Select Page

Federal Income Tax
University of Iowa School of Law
Ward, Larry D.

Basic Federal Income Taxation: Ward: Fall 2006
Chapter 1: Introduction
I.        The Constitution and the Income Tax
A.     Art I, § 8 allows C to law and collect taxes, duties, imposts, and excises and is limited in 3 ways:
1.      “Direct” taxes must be apportioned among the states
2.      Bills for “raising revenue” must originate in House of Reps
3.      Taxes must be “uniform throughout the US
B.     Apportionment of Direct taxes
1.      Art I, §2: Representatives and direct Taxes shall be apportioned among the several States…according to their respective Numbers…
2.      Art I, §9: No Capitation, or other direct, Tax shall be laid, unless in Proportion to the Census or Enumeration herein before directed to be taken.
3.      Apportionment requirement was limited to “direct” taxes, so as not to apply to “indirect taxes on exports and imports, and on consumption”
4.      Distinction between direct and indirect dpends on the form of the tax
5.      16th Amendment (1913): Gives Congress the power to lay and to collect taxes on incomes without apportionment among the several States, and without regard to any census or enumeration.
C.     The Origination Clause
1.      Art I, § 7: Bills for raising Revenue shall originate in the House of Reps
2.      This has become a formality – if the Senate wants to launch a major tax leg, it has only to approve “amendments” to one of the House bills, deleting whatever it finds desireable
D.     The Uniformity Clause
1.      Art. I, §8: Requires that taxes be “uniform throughout the United States”
2.      This requirement
a)      Does not prohibit a progressive tax or a tax that distinguishes between different sources of income.
b)      Requires that taxes be “geographically uniform” in the sense that “whatever plan or method Congress adopts for laying the tax in question, the same plan and the same method must be operative throughout the United States.”
II.     Basics of the tax system
A.     Federal Income Tax
1.      Accounts for 65% of Federal revenue
a)      56%—Personal Income Taxes
b)      9%—Corporate Income Taxes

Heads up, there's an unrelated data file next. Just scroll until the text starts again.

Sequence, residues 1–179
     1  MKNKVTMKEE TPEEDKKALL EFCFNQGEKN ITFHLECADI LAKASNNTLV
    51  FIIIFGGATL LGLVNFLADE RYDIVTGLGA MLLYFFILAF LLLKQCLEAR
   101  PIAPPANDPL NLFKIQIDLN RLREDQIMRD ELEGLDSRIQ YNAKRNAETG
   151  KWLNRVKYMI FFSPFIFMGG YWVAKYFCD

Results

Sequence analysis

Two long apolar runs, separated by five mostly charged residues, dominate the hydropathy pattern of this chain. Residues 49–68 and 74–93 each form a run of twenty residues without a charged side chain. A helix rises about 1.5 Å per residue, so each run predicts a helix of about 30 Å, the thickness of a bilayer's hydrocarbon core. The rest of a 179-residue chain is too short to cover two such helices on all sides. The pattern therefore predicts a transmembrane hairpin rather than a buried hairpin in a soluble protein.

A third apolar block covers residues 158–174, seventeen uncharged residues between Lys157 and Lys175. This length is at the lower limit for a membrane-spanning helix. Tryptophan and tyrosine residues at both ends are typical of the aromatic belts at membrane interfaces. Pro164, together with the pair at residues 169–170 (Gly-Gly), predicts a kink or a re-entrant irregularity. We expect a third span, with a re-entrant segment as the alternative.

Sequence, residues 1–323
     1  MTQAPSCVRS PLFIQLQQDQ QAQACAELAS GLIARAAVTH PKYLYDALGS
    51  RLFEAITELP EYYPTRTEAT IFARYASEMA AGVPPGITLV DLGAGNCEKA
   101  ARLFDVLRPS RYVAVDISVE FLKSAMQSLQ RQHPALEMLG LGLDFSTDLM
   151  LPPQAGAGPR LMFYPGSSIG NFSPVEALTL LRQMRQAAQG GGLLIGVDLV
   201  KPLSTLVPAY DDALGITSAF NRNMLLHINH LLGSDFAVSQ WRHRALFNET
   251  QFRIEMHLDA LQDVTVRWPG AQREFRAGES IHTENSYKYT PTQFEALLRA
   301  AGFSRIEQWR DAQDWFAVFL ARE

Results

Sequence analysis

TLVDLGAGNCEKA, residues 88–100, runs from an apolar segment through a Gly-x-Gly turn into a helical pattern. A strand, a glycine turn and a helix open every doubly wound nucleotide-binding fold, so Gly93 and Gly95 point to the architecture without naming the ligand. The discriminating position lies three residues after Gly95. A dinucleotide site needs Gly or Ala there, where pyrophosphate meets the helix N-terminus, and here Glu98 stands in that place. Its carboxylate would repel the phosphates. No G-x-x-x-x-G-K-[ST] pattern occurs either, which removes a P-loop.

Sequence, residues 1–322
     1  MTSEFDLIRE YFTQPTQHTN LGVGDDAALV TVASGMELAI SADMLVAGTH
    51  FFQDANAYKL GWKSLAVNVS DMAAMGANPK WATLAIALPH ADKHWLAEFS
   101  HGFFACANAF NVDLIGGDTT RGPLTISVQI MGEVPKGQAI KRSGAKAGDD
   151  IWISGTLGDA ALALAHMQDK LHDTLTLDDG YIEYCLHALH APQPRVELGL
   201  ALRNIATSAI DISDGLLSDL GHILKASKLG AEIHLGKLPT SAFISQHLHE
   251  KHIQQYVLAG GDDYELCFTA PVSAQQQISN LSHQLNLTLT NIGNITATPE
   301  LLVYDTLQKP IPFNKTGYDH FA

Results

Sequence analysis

2.      Main function is the raise revenue
3.      Revenue Act of 1913 imposed progressive tax on individual incomes
4.      Much of today’s tax law is found in regulations promulgated by the Treas department
a)      Regulations are either “legislative” or “interpretive”
B.     Taxes aren’t simply enacted to bring dollars into the treasury, but also to absorb purchasing power from individuals so that inflation won’t rise rapidly
1.      It reduces the effectiveness of people and companies that compete w/ gov resoures
2.      We would have too many dollars chasing a limited amount of goods, so we would have inflation if we didn’t have taxes
3.      Gov is pulling purchasing power out of econ so that we’re less effective competitors for the goods and services we and gov wants
C.     Non-revenue raising purposes of taxes
1.      Taxes promote certain transactions: Charitable donation tax benefits (lead to good educational systems in the United States)
2.      Redistribution of Wealth
3.      Stabilize/Stimulate economic growth
4.      Provides educational aid
D.     Goals of the Tax System
1.      Fair & Equitable
2.      Won’t impede productivity/incentive to work
3.      Simple & non-exploitable
E.      $115-$125 billion/year to comply with tax laws
1.      includes: lawyers, tax prep., record-keeping, admin & enforcement
III.   Ranking of Tax Authorities
A.     Internal Revenue Code
1.      This is the tax law itself
2.      Comprised of §26 USC
B.     Treasury Regulations
1.      Given a lot of deference by courts; Upheld unless they clearly contradict the Code
2.      §7805—Secretary of Treasury has the ability to enact regulations to clarify & support the Code
3.      Treasury Regs are how the Treasury interprets the Code
4.      Proposed Treasury Regulations: Regulations the Treas submits for public comment before adoption or withdrawal
5.      Temporary Treasury Regulations: Regulations offered w/o comment period and remain outstanding for 3 years; often renewed
C.     Rulings
1.      Private Letter Rulings (PLRs)
a)      Treasury will give an interpretation on how a trans will be taxed before the trans takes place
b)      May be relied upon only by the parties who the ruling was specified by (G can change its mind about this type of transaction for later parties)
2.      Revenue Ruling
a)      Gives general guidance on an issue/transaction so that PLRs are no longer needed for parties to be able to rely on the interpretation
b)      Gives the IRS’s view of a type of transaction
3.      Revenue Procedure: Gives IRS’s view on a procedure
4.      Acquiescence Announcement
a)      Non-acquiescence: The govt. lost the case and didn’t appeal but next time this issue comes up the govt. may defend their position again